At a recent gathering with some Singaporean friends, the discussion inadvertently turned to local politics. But when I mentioned Mr Brown, our famous Singapore blogger, one of my friends asked: “Who??” And the punchline came when another friend answered:”Oh, I know! He’s that anti-Singapore blogger!”
I was flabbergasted and told her that Mr Brown (whom I do not know personally) may be many things including being a funny humorist, amateur actor and avid blogger but he is certainly not anti-Singapore. If anything, I think he has consistently come across as a pretty die-hard supporter of Singapore. So how on earth did she get this impression of him? Was it the video spoofs he did of the PAP MPs? Or was it his satirical jokes that failed to tickle her funny bone?
This incident reminded me of the common labels that are being dished out regularly by the more conservative Singaporeans (and even some PRs) to locals who dare openly question and criticise the Government and government policies. Often they use the labels “anti-government” and “anti-establishment” to dismiss whatever is being said as negative. As for the label “anti-Singapore” it implies a “you are with us or against us” metality.
How did such erroneous thinking and labelling come about? When did speaking up become akin to a treacherous deed against the country?? Is it because, for far too long, Singaporeans have been moulded and raised on a diet of out-of-bound markers, quiet obedience, self censorship and an apolitical attitude? Have all those lost years – post independence – of never blatantly questioning government policies and the ruling party turned many of us into a people who have lost the fire in our belly? Or worse, lost our ability to evaluate the facts, to think out-of-the-box and to judge fairly?
It flummoxes me when well-educated, intelligent people instantly pigeonhole Singaporeans as being anti-establishment as soon as they criticise or poke fun at the Government. In some ways, it is like the frog in a well. The frog thinks he knows what is best as he has been safe and well fed staying in the well all this time. He feels threatened by anyone who tries to talk to him about the New World and who shakes his comfort zone. Fair enough, he is entitled to his opinion.
But let’s get it straight once and for all – it is wrong to label people who speak up and question government policies and PAP as being “anti-establishment”, “anti-government” or “anti-Singapore”. Think about it, are the Republicans being anti-establishment when they criticise the Democrats in the US? Are the loyal supporters of Malaysia’s opposition leader Anwar Ibrahim being anti-Malaysia? Of course not! Regardless of their differences, they all love their country with a passion.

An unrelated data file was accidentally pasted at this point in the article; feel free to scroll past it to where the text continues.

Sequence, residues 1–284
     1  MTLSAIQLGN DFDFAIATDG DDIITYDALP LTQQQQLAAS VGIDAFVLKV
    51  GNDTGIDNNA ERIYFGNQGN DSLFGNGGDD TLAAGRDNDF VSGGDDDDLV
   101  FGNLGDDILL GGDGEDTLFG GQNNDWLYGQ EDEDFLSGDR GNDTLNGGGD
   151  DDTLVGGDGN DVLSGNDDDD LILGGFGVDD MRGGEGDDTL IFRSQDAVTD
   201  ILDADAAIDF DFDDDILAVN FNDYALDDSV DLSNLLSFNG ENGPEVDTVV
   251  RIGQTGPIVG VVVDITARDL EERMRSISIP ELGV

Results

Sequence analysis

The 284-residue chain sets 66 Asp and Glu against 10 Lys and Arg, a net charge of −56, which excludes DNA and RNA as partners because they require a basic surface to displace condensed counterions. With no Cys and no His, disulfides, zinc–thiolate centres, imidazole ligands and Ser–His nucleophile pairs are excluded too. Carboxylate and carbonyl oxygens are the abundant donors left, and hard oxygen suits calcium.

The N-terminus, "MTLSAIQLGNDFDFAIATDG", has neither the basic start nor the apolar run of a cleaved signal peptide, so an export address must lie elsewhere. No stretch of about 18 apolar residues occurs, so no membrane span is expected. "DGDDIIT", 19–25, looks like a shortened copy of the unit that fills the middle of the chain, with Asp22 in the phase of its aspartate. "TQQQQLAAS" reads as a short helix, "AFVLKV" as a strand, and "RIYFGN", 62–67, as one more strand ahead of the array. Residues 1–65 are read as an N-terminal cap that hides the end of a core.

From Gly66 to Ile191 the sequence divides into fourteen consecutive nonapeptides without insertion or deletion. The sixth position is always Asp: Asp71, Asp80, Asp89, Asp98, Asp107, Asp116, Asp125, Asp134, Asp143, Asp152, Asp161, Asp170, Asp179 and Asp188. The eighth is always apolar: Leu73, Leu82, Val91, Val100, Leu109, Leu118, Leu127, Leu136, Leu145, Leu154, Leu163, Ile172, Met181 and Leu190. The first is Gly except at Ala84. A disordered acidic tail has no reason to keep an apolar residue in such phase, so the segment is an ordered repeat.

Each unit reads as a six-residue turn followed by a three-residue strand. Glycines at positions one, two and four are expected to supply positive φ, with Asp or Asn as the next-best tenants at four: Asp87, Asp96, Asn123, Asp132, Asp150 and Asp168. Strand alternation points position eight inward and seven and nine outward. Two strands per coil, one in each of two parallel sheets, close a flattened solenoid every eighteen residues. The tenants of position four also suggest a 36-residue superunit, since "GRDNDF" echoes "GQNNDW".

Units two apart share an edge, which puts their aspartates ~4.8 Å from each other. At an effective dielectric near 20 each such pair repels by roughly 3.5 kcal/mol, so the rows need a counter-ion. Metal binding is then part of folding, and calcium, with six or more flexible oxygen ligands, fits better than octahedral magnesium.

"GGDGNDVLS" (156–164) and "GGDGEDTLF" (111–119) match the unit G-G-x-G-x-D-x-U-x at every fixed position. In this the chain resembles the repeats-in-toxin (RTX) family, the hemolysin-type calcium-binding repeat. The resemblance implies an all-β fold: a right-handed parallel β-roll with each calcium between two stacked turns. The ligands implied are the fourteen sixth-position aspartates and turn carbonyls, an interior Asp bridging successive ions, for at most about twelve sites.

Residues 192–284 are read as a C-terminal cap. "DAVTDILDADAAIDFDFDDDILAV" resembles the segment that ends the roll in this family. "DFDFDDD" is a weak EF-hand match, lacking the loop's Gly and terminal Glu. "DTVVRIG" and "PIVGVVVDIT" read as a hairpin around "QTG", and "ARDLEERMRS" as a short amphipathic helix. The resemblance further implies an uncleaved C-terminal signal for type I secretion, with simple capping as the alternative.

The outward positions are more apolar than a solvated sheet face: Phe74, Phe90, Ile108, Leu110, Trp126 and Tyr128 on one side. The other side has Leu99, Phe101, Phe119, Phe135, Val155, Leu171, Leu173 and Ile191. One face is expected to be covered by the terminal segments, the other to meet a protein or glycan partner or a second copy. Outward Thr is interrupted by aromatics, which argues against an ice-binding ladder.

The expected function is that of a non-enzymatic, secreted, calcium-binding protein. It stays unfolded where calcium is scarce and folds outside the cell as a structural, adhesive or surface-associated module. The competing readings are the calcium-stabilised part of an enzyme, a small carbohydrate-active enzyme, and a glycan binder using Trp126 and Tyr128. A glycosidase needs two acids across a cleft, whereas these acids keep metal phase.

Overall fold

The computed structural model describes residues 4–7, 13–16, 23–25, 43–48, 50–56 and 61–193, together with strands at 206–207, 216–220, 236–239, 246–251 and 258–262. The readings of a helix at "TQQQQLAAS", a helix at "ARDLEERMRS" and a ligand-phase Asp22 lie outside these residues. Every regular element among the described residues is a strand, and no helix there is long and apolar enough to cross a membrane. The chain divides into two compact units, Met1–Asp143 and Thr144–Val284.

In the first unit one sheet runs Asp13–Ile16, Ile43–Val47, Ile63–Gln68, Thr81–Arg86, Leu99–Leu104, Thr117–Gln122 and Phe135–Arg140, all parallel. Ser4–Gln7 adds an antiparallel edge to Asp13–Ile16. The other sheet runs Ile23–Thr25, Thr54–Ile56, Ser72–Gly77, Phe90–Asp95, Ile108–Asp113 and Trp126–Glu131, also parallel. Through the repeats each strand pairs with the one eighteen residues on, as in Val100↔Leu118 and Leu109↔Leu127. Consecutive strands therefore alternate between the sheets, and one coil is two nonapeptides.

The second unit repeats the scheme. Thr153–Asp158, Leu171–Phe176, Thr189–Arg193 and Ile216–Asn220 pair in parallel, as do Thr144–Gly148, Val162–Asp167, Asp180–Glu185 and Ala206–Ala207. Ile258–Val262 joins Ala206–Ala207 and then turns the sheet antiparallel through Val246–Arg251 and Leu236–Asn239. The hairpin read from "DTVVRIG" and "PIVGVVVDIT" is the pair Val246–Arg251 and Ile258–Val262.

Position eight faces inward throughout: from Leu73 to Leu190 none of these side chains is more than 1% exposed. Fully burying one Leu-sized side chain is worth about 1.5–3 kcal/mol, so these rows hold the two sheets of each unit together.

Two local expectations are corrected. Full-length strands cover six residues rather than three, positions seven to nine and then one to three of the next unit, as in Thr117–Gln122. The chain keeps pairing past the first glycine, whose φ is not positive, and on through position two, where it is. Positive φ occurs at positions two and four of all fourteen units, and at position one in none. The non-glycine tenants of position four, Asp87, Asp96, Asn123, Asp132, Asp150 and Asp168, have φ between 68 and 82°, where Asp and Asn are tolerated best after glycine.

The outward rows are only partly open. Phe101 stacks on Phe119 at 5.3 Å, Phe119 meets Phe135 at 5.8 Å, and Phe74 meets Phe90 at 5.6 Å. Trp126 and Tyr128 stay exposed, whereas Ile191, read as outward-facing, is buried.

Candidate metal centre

We all have different ways of showing love, be it to a loved one or to our country. Some are more reserved while some are more open and expressive and some are downright passionate. Just as we do not label those who don’t speak up as being anti-Singapore, we should not tar and feather vocal citizens who speak with a voice of reason as being anti-anything.
Think about it. It is precisely because we care that we bother to share our views and to speak up for our country. We speak up when we see wrong doings by politicians or policies working against the interest of our people. We speak up simply because we want to build a better homeland for our future.
In most democratic countries it is normal to hold different political views and to freely express them. Opinions are exchanged, ideas will occasionally clash and there will always be some extreme voices on the fringe. But out of this “noise” comes a maturing of the electorate, one that will care even more about what happens to their country. By having a say in our country, we gain pride and ownership and a real sense of belonging. That much desired thing called patriotism is an elusive fire that comes from within us and not because we sing national songs during National Day.
At the end of the day, we should all realise that we are just one people wanting the best for our country. There will be differences but there should be no enemies in the building of Singapore.
“My kind of loyalty was loyalty to one’s country, not to its institutions or its office-holders.” ~Mark Twain, 1889